This week we’ll examine a group of returning players and next week the spotlight will swing over to several key newcomers.
Read more»

Swedish Hockey 101

by Peter Westermark
on
If you know the basic facts regarding the structure of Swedish clubs – stop
reading now. If you don´t, you might learn something new.

Most teams started as non-profit organizations as a way to get people living
in the area interested and active in sports. The only thing one had to do to
become a member of the club was to pay a small fee to enter. The active
members elected a board that should run the club. This structure is still
common in Sweden, although the importance of money in hockey has grown. The
structure of most major clubs are similar to the structure of most
companies, although hockey is not a profit oriented business designed to
please an owner or a group of owners. Teams can not be sold or moved.

Some clubs are even introducing themselves at the stock exchange, turning
themselves into a profit-oriented business. The thinking behind the
metamorphosis is that teams have to have a sound economy if they want to be
successful in the Elitserien, although this sounds pretty ironic considering
the vast amount of Swedish clubs that are in debt.

One key source of revenue is local businesses as they supply sponsoring and
advertise on boards and jerseys. Teams whose Elitserien status can be
attributed to having a large company in the town include MoDo, who has even
assumed the name of the company, and Luleå, who is heavily sponsored by
SSAB(Swedish Steel).
Read more»

Whatever happened to Jared Hope?

by pbadmin
on

I know that most of you are saying – Jared who?style=”mso-spacerun: yes”>  Unless you follow the Western Hockey League,
you probably don’t know much about him. 
Jared Hope was the Leafs final draft choice (230th overall)
in the 1996 Draft.  Jared had played
that season with the Spokane Chiefs and suffered two serious head injuries.

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On September 27, 1995 in a game versus the Kelowna Rockets,
Hope was knocked unconscious, taken to the hospital and diagnosed with a
concussion.  Twenty-four days later,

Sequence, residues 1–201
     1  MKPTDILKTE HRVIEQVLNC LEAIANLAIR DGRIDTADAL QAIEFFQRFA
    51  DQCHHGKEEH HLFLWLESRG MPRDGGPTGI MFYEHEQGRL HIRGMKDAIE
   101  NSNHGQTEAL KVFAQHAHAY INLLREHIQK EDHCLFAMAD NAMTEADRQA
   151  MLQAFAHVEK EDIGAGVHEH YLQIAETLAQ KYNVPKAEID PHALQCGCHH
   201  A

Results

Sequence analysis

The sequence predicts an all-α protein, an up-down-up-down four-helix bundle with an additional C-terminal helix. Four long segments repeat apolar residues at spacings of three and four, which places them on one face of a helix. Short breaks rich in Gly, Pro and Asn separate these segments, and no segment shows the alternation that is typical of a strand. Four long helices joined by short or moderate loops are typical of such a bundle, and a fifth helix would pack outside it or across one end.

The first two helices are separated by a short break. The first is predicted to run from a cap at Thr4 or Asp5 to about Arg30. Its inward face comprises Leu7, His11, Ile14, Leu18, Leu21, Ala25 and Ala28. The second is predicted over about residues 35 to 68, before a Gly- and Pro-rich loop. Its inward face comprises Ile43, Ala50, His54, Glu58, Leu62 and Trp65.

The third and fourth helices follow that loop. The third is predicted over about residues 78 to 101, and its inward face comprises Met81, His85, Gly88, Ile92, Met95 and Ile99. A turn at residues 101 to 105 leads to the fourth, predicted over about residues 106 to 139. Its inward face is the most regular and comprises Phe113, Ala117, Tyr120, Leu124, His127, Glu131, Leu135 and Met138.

Hope played again for the Rockets after recovering from the injury.style=”mso-spacerun: yes”>  In that game versus the Tri-City Americans,
Hope suffered another blow to the head that would put his playing career in
jeopardy.  Hope did play briefly the
next year (1996-97) with the Edmonton Ice but his career was essentially over.

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Hope was once considered one of the brightest of WHL
prospects.  He was drafted 3rd
overall in the 1993 WHL Draft.  Jared Read more»

Sedin’s the biggest show in town?

by pbadmin
on
With all of the press about the Sedin’s coming to Vancouver no one has
been thinking too much about some of the other talent in the Canucks
overfilled pool. Josh Holden, who was at one time Vancouver’s golden
boy, showed us he does have a solid future in the NHL, averaging a point
a
game in limited action. There also has not been too much mention about
Brent Sopel. Sopel was a late season call up who played like a seasoned
veteran. Sopel had a goal and two assists in the final game of last
season in the Canucks 5-2 upset of the playoff bound San Jose Sharks.
We also may see Bryan Allen show of the tools he is so blessed with.
Steve Kariya also showed promise. Somehow Marc Crawford did recognize
his excellent play, so he spent time in Syracuse where he had a
four-goal
game and was named rookie of the month.

Harold Druken showed promise in
limited action for Vancouver and was also named to the AHL All-Rookie
team. With the need of a veteran defenseman to add to the Canucks, we
may be seeing some of the young guns moving on to other cities but if
not the Canucks have a lot more weapons waiting in the wing than just
Daniel and Henrik Sedin. This will also help the Sedin’s out. It is a
lot easier for high caliber players to learn the game with top talent
around them. This is apparent in Peter Schaeffer, who obviously
benefited from the presence of the recently departed Mark Messier. There Read more»